On 6 February 1840, representatives of the British Crown met with prominent Māori chiefs from the northern regions of the North Island, to sign the Treaty of Waitangi.
New Zealand's founding document was then transported around the country to allow chiefs from other tribes to sign.
The ultimate intention of the Treaty of Waitangi, from the Crown's perspective, was to protect Māori interests from the encroaching British settlement, to provide for British settlement and to establish a government to maintain peace and order.
Māori and European settlers
At the time, the relationship between Māori and European settlers was not particularly harmonious.
The notion of central governance was foreign to Māori as each tribe lived by laws set by a rangatira (chief) whose authority was limited to within his tribal boundary. British settlers, in turn, regularly disregarded Māori tribal laws, which often led to conflict between the two peoples.
As most early rangatira could not speak or understand English, the English version of the treaty was translated into Māori. However, there were variations in meaning between the two translations, and some obligations that the Treaty placed on the partners are still contentious.
The signing of the Treaty of Waitangi is commemorated by a national holiday on 6 February each year, known as Waitangi Day.
In the past, this day has been tarnished by angry protests as Māori fought to have rights that had been promised to them under the Treaty, honoured by the Government. However, in recent years, many iwi (tribes) have had their grievances settled by the government and Waitangi Day has become a peaceful celebration of nationhood.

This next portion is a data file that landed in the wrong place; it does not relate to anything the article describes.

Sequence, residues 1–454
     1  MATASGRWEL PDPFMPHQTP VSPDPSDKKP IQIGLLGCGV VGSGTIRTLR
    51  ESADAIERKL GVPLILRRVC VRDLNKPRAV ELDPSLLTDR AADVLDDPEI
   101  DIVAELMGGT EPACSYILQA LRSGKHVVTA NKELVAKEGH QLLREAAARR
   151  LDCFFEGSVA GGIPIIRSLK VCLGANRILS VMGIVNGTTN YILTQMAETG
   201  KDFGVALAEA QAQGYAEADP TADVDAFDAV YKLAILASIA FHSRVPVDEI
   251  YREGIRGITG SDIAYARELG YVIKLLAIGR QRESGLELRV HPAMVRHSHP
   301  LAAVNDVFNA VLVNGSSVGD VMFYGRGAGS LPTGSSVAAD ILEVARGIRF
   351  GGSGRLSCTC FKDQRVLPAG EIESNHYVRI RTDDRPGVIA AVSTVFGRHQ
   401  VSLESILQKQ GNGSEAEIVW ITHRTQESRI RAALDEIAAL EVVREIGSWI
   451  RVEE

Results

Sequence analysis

Waitangi Treaty Grounds
In 1932, the grounds where the Treaty was first signed were gifted to the nation in trust by Lord and Lady Bledisloe. Lord Bledisloe was a former Governor General of New Zealand.
Today the Waitangi Treaty Grounds, part of the 1000 acre gifted site, are referred to as the birthplace of New Zealand.
The grounds include one of New Zealand's oldest and most visited historic homes. Treaty House, originally named 'The Residency' was built for the first British resident, James Busby, and his family. The name was changed to Treaty House at the request of Lord Bledisloe after the house was restored in 1933.
NZ cultural icons
The Waitangi Treaty Grounds is also home to two of the nation's cultural icons - 'Te Whare Runanga' and a ceremonial waka taua (war canoe).
'Te Whare Runanga' is a carved Māori meeting house erected to commemorate the centenary of the first signing of the Treaty of Waitangi. Carvings in the house were produced by the local Ngapuhi tribe, though the building is representative of all Māori tribes.
Ngatokimatawhaorua, one of the largest Māori waka, sits in the grounds. The 70-year-old waka has been refurbished ahead of relaunching as part of the 2010 Waitangi Day celebrations. At 35.7 metres long, up to 2 metres wide and weighing 12 tonnes, the vessel is an impressive sight on the water with a crew of up to 80 paddlers and 55 passengers.
The Waitangi Treaty Grounds are a popular destination for tourists, both domestic and international. The new Museum of Waitangi (opened on Waitangi Day 2016), is a modern and comprehensive showcase of the role of the Treaty of Waitangi in the past, present and future of New Zealand. The museum building houses a permanent exhibition Ko Waitangi Tenei: This is Waitangi which explores the stories of Waitangi and features many valuable and significant historic pieces.
The Waitangi Visitor Centre has an impressive audio visual show that tells the story of Waitangi and surrounding areas. There are also live cultural performances, a gift shop and an artefacts gallery.
Visitors can also take a guided tour of the Treaty House - the first British residency in New Zealand and the family home of James and Agnes Busby.